My only quibble with this book is Frank's daughter Holly. She's supposed to be nine but behaves more like a six- or seven-year-old. (I know this because I have a nine-year-old and a daughter who is now almost seven.) I don't know what the laws in Ireland are, but my nine-year-old is far too big for a booster seat in the car and gave up dragging stuffed friends around a year or more ago. Still, I suppose I could chalk it to character and the girl leading a sheltered life resulting in a sort of stunted growth. I know French was working to jar Holly from her protected existence to something harsher, so maybe she was exaggerating Holly's childishness for sake of drama.

I am glad French didn't go the way of "child in danger!" For a moment in the book it looked like she might, and I would have been severely disappointed if she had. It's such a cliché. I'm gratified French sidestepped it and chose a more interesting path.

Too, one almost understands the culprit's anger and motives in the end. Frank is not an infallible hero, and it's clear some of his choices have been selfish.

The short answer, this was a great book that I swept through faster than The Likeness (which for me started a bit too slowly). In every one of these books, though, French creates complex inner worlds for her narrators and does a fine job of it. Faithful Place is solidly entertaining without being fast and cheap when it comes to plot or character.


Movies: Inside Out

Voices By: Amy Poehler, Phyllis Smith, Bill Hader, Lewis Black, Mindy Kaling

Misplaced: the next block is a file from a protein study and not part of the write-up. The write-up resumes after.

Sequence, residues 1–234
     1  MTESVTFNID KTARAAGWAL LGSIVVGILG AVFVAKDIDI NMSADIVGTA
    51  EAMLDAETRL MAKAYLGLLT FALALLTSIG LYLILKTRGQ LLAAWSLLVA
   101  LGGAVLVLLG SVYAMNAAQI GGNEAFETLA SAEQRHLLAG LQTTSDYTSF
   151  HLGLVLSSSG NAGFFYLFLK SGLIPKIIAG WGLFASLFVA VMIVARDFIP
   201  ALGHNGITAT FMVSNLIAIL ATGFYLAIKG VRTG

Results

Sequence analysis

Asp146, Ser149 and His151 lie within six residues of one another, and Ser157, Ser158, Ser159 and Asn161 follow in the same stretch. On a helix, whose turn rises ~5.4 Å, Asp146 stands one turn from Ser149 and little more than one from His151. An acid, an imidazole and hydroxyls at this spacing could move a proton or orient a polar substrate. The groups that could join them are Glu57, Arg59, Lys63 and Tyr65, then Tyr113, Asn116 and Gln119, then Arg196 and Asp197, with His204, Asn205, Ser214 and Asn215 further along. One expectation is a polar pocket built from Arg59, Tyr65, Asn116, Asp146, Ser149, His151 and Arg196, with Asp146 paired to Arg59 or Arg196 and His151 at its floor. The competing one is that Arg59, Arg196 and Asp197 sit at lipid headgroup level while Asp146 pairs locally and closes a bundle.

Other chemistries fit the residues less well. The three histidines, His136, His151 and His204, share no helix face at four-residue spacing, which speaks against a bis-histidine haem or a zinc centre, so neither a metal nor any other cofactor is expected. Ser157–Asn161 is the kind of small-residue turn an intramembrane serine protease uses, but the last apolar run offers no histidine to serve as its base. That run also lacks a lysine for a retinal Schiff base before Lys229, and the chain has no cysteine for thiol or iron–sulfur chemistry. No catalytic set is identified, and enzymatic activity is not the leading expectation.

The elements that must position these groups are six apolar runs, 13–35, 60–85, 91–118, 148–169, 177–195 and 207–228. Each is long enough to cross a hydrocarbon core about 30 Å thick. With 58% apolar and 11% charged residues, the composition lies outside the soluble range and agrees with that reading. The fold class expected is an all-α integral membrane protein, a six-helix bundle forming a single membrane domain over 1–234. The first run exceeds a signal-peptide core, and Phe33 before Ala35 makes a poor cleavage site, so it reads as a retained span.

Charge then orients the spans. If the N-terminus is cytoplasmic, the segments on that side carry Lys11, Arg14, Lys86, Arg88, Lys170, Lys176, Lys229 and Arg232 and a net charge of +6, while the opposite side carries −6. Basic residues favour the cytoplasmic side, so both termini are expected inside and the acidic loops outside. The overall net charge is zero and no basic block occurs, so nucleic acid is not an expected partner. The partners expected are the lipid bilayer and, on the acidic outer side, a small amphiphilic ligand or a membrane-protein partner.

Directed By: Phil Docter, Ronaldo Del Carmen
Written By: Meg LaFauve, Josh Cooley & Pete Docter; Story By: Pete Docter & Ronaldo Del Carmen
Pixar, 2015
PG; 94 minutes
3.5 stars (out of 5)


I wanted to like this movie more than I did. Which isn't to say it's a bad movie; it's not. But there is something necessarily amorphous about dealing with feelings. The action in Inside Out is . . . not very action-y. And all the jokes are pretty low-hanging fruit, so I felt this one lacked Pixar's usual cleverness.

Outwardly, this is the story of 11-year-old Riley dealing with a family move from Minnesota to San Francisco. Her parents are understandably stressed, and Riley is, too. A new school + difficulty making friends + pre-adolescence = not a fun time. Riley ping-pongs between excitement and optimism and feeling angry and sad.

But as we all know from the trailers, the "real" story is of Riley's emotions trying to cope with this new situation. Joy (Poehler in Parks and Rec form) is generally understood to be the leader, and therefore we're given to understand that Riley is usually happy and upbeat. Joy works hard to keep Sadness (Smith) at bay, but the changes in Riley's life—at least, I assume this is the catalyst—provoke Sadness into wanting to touch all Riley's happy memories and tinge them in, well, sadness.